The King family lives on the island of Oahu, but they often travel to the outer islands. When Matt introduces himself and his family, he mentions that he travels to Maui often for business, which is where he was when his wife had her accident. His daughter Alex attends a boarding school on the island of Hawaii, or the Big Island.
In reality, it’s more often the other way around. Oahu is by far the most populous island in the state, home to about a million of the state’s total 1.4 million residents. As a result, most businesses, like law practices and schools, are based on Oahu.
On a related note, the film makes it seem like inter-island travel is much more common than it really is. During the course of what seems to be only a few weeks, Matt takes his daughters from their home on Oahu to the Big Island and to Kauai.
While it happens more often among locals than inter-state or international trips do, travelling between the islands requires planning, especially with a young child like Scottie. It’s not equivalent to a drive into the next town, as you would in a mainland state.
Leaving The Door Open
In one scene, after his daughter tells him that his wife had been seeing another man, Matt runs out of his house and down the street to see Kai, the gossip of their friend group. As he leaves his house, he opens a sliding door and doesn’t close it.
This moment would make anyone’s hands twitch, but it would be especially hard to watch for someone from Hawaii who had always been told to close the door so as not to let the bugs inside. Even worse, the following shots of Matt running down the street make it clear that he lives in Mānoa, which is an infamously rainy part of the island, making it prone to hordes of mosquitoes.
Tropical Flower Decorations Everywhere
Another stereotype about life in Hawaii seems to be the locals’ choice of décor. All the houses shown in the film, and the Mitchell’s house in particular, are decked with bright-patterned curtains, furniture, and wall art.
Not only do most of the items pictured lack any element of traditional Hawaiiana, but this style does not reflect what most Hawaiian homes look like at all. Foreigners whose only exposure to what Hawaii is what they see on television may be surprised to learn that most homes in Hawaii actually look very similar to those on the mainland, with an exception being checking your shoes at the door.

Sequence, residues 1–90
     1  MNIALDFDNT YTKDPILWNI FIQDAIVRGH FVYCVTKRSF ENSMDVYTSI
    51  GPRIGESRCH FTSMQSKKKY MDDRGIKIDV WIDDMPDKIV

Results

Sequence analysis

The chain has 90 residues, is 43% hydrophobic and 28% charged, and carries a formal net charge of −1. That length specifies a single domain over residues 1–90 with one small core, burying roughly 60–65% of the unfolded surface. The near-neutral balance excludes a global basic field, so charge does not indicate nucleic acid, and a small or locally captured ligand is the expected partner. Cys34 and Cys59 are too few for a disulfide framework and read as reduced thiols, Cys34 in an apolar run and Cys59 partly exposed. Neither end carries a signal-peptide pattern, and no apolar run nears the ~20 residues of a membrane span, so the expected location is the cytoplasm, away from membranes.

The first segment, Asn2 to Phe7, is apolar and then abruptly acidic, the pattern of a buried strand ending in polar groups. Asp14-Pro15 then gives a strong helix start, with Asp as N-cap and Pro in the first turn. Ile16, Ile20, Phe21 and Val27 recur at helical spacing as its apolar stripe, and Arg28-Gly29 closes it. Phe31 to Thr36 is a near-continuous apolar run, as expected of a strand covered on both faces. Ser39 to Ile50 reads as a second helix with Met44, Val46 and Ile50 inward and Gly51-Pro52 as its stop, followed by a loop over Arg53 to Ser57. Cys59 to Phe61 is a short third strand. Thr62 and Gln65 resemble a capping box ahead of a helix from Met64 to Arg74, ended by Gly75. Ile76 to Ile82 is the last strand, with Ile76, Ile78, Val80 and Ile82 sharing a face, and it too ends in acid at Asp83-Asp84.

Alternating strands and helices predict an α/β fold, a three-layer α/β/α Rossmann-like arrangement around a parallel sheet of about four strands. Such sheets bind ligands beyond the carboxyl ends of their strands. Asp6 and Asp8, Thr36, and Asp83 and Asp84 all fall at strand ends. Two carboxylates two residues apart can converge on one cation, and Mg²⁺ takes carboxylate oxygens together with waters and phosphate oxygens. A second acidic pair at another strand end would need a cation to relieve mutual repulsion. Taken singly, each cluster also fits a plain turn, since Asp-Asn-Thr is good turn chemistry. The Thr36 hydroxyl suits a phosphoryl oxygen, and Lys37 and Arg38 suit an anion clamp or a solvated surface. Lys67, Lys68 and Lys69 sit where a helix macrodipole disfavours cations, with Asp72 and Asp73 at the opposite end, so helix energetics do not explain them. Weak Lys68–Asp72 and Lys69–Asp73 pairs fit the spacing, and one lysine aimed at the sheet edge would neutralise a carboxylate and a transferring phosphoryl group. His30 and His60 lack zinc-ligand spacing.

The Mitchell’s house is depicted as having a goat on a leash in the front yard. This may strike anyone in the U.S. as an odd pet to keep. While having a goat as a pet isn’t explicitly illegal in the state of Hawaii, it is widely against homeowner association rules, especially in relatively wealthy areas, where their house seems to be.
In fact, because of its unique ecosystem and because Hawaii has no rabies, the state has much stricter bans on the kinds of pets and animals that may be imported. Common pets like gerbils, ferrets, and certain types of lizards are illegal.
As they are in many films that take place in Hawaii, characters are all too comfortable throwing around well-known-to-tourists Hawaiian phrases and no other acknowledgement of the language. This film in particular works in a number of “mahalos,” “tutu” to refer to the girls’ grandmother, and even a “holoholo.”
One word that came up a couple of times was “haole.” The word literally means foreigner but is colloquially used to refer to white people, especially those who are out of touch with the local culture. One usage of the word that seemed out of place is when Matt admits that he and his wealthy family, in spite of their Hawaiian blood, are “haole as sh*t,” which is a statement that contradicts itself.